A: At its most basic level, post-tensioning (PT) is a fiendishly clever way of reinforcing concrete while you are building – occasionally even allowing the construction of something which might otherwise have been impossible!
The use of post-tensioning allows thinner concrete sections, longer spans between supports, stiffer walls to resist lateral loads and stiffer foundations to resist the effects of shrinking and swelling soils. Concrete has what engineers call ‘compressive’ strength – meaning that it happily bears its own weight within a structure. As soon as you introduce the ‘live’ loads of everyday usage, such as vehicles in a car park or on a bridge, the concrete tends to deflect or sag which leads to cracking, thus weakening the structure.
Concrete lacks ‘tensile’ strength. Alone, it does not always offer the flexibility needed. That’s why steel reinforcing bars – ‘rebar’ – are often embedded in the concrete to limit the width of cracks. However, rebar provides only passive reinforcement – that is, it does not bear any load or force until the concrete has already cracked.
This is where post-tensioning comes in. PT systems provide active reinforcement. The function of post-tensioning is to place the concrete structure under compression in those regions where load causes tensile stress. Post-tensioning applies a compressive stress on the material, which offsets the tensile stress the concrete might face under loading. PT is applied by the use of post-tensioning ‘tendons’ – a complete assembly including the very high strength prestressing steel strands or bar, the sheathing or protective ducting, plus any grout or corrosion-inhibiting coating surrounding the steel strands or bar and the anchorages needed at both ends.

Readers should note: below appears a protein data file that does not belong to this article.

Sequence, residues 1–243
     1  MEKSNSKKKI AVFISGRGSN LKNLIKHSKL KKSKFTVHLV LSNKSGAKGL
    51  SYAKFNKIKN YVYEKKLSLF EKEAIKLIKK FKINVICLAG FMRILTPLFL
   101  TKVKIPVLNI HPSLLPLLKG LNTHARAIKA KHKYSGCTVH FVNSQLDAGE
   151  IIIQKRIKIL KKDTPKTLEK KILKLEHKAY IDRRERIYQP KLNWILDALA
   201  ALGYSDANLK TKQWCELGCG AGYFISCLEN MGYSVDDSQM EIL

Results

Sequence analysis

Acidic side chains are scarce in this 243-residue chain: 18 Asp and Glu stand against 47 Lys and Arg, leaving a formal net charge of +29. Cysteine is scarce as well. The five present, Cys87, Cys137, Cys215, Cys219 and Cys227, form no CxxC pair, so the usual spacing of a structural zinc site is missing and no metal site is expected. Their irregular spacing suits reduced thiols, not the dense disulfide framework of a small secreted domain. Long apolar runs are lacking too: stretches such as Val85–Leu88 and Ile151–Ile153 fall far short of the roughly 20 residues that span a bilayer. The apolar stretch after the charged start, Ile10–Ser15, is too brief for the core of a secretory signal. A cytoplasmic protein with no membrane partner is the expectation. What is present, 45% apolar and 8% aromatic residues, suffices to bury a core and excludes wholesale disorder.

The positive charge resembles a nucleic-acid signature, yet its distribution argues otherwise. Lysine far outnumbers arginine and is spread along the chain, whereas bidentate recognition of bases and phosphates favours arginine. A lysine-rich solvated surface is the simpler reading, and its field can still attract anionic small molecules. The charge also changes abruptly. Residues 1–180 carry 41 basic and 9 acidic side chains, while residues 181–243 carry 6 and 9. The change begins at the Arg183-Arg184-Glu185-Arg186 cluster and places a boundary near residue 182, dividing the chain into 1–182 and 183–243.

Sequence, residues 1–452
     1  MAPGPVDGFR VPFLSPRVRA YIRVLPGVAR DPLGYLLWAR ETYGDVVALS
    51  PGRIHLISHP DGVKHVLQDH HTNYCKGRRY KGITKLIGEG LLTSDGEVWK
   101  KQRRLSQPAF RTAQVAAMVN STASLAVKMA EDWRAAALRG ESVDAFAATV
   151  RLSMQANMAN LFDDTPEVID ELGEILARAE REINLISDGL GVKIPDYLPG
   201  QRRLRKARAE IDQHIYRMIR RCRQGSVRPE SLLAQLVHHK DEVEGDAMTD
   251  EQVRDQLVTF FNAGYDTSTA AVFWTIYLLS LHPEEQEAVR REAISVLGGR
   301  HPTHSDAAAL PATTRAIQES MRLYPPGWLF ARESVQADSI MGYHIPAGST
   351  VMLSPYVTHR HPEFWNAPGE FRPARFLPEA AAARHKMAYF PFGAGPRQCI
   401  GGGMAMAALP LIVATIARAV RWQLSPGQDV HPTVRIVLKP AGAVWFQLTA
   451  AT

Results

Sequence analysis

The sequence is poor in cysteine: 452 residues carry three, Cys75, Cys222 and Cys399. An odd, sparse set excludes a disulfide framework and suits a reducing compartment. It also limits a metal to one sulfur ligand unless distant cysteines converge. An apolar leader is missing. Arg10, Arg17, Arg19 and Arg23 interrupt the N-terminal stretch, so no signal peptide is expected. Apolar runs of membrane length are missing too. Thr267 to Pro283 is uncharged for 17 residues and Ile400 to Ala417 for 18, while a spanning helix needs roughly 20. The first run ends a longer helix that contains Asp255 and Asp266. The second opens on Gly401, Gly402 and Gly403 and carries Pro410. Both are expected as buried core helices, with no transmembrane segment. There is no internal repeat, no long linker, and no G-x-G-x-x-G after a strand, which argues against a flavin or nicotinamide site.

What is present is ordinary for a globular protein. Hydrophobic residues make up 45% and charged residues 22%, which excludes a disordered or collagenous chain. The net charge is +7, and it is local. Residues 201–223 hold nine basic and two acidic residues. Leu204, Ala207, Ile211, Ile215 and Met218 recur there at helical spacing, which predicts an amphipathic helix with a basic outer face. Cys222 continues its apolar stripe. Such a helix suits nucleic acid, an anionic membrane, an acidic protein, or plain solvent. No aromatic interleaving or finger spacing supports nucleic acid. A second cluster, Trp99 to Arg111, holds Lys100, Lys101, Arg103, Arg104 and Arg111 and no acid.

A typical steel strand used for post-tensioning has a diameter of 15.7mm and a tensile strength around four times higher than an average non-prestressed piece of rebar. Sheathing or ducting houses the prestressing steel This allows it to move as necessary when the tensioning force is applied after the concrete cures. The steel stretches as it is tensioned and it is locked into place using an anchoring component, thus maintaining the force in the strand for the life of the structure.
Post time: Feb-21-2018